As we all know, some days cheap is the operative force in our lives. Not cheap in quality of course, but, shall we say, easy on the wallet. With this in mind, we set out to visit our favorite low-expense neighborhood, the far East Village. Wandering down Avenue A, we found ourselves at that bastion of Cajun-Italian cooking, Two Boots. Named for its culinary origins (two boots – Italy and Louisiana – you’ll have to supply the visuals), this hopping eatery hangs quietly between 2nd and 3rd Streets.
The decor is classic pizzeria – lots of red and white check, and red walls, and things hanging from the walls, like strings of garlic, baseball pennants and cowboy boots. Cowboy boots? Not to mention the Caribbean and Native American looking chachkas and strings of miniature lights also shaped like boots. Boots are definitely a theme, eclectic though the collection may be. The waitstaff don’t necessarily continue this course, and have sensibly opted for comfortable shoes. I have no doubt this contributes significantly to their cheery manner. The pizza kitchen is open to the dining room, where you can watch the multi-tattooed pizza-maker do his thing, and the main kitchen is hidden away behind.
You may ask, what is Cajun-Italian cooking? The answer ought to be simple, and in this case, it is. Italian food with some Cajun ingredients and Cajun food with some Italian ingredients. That answered, we turned to the menus, which lists a variety of simple appetizers, mostly breaded and fried things, salads and such, which, other folk in the establishment seemed to dig into eagerly. We moved on to bowls of outrageously good and spicy gumbo and red onion soup.
While the main menu offers a diverse grouping of pastas with vegetables, chicken and a range of sauces, the real reason for coming here is the pizza. Take that standard New York thin, crispy crust and top with tomato sauce that has some Cajun fire to it. Topping choices include the old standbys like peperoni, ham and mushrooms, but add in an array from bayou country like hot, smoky andouille and mild tasso sausages, crawfish tails and fresh hot peppers. Another plus is the offering of individual sized pizzas, so everyone at the table gets a personally tailored pie.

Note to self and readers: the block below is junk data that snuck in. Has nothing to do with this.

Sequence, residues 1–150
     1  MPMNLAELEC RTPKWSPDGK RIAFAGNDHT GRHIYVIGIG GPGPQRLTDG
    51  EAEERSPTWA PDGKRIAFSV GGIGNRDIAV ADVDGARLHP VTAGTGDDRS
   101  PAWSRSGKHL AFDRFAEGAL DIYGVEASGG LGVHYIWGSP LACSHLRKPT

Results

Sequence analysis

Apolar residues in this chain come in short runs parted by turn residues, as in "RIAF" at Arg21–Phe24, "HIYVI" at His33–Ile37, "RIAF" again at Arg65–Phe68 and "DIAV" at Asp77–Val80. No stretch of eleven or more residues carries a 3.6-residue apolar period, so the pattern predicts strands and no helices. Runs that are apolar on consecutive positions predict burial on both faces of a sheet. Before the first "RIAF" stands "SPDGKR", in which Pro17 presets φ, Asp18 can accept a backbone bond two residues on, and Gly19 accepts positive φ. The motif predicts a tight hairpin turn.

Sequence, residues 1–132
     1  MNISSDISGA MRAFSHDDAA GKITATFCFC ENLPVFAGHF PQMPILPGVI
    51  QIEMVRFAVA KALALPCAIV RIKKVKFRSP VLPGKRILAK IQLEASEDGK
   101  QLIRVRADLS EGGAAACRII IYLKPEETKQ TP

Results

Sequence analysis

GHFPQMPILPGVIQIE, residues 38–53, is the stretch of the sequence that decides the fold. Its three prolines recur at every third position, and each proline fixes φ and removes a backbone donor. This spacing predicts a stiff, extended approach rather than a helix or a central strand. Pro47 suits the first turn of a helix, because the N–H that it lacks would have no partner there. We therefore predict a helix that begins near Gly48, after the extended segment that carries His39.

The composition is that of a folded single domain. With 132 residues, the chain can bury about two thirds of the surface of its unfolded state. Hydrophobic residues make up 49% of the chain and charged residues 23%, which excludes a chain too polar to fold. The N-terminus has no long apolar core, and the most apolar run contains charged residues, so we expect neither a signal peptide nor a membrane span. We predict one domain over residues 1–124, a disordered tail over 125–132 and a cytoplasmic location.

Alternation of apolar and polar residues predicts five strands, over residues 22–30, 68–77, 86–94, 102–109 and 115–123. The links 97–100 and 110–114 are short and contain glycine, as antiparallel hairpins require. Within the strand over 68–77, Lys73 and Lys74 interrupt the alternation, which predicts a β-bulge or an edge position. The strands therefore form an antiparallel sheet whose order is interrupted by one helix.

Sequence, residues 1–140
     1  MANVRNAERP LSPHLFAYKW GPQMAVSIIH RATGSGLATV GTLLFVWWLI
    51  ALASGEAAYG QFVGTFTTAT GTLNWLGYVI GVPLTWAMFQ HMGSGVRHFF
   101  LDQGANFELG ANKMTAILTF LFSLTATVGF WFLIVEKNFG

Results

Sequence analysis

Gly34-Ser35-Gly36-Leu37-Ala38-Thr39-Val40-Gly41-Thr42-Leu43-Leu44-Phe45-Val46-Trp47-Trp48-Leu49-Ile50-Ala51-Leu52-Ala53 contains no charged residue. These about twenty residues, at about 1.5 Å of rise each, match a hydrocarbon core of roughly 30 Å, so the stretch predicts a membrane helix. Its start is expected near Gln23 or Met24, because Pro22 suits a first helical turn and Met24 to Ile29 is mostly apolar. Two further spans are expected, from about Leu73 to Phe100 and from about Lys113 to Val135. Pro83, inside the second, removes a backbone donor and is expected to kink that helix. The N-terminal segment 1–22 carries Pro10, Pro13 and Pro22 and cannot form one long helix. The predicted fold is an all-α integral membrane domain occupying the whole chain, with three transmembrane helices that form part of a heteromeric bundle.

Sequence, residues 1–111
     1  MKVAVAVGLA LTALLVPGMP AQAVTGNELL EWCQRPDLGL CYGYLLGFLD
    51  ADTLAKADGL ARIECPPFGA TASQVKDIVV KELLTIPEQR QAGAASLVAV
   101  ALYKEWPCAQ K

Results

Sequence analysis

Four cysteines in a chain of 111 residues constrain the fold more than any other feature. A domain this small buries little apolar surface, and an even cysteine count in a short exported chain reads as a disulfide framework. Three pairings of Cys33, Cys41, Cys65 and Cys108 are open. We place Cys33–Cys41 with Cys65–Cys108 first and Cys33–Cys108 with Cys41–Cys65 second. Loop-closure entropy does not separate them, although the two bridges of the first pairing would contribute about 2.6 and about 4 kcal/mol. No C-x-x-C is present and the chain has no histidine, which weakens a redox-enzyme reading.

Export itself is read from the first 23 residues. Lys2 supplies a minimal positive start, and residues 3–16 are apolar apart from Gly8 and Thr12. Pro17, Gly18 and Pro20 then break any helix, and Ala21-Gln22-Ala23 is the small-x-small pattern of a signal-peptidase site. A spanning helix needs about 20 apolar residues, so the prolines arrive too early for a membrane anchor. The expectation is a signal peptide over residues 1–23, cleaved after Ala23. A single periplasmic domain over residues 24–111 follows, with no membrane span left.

We finished off the evening with good old American coffee, and slabs of gooey, luscious chocolate-pecan pie and creamy, rich cheesecake. And to top it all off, our ulterior motive was met, it didn’t hurt to pay the tab at the end of the night.
Two Boots also has two takeout pizzeria locations (Two Boots To Go), one directly across the street from the main restaurant, and another on Bleecker, just east of Broadway. The latter does not, in our collective opinion, live up to the quality of the other two, but it does save a walk to the far eastern frontier.
Two Boots, 37 Avenue A (between 2nd and 3rd Streets), 505-2276. Open 7 evenings a week, 12 p.m. to 12 a.m. American Express accepted. Dinner, $10-15.
CaB magazine was one of the first publications I ever wrote for. Published by my dear friend Andrew Martin, it covered the Cabaret, Theater, Music and Dining scene in New York City, long before slick publications like Time Out NY and Where NY became popular. We had great fun writing it, and some wonderful writers contributed to its pages. When the magazine folded in the mid-90s, Andrew disappeared from the scene, and rumors had it that he departed from this existence not long after. I was thrilled to find out in mid-October 2005, a decade later, that the rumors were just that. Andrew contacted me after finding my site via that omnipresent force, Google. He’s alive and well and a member of a comedy troupe called Meet the Mistake. Somehow quite fitting!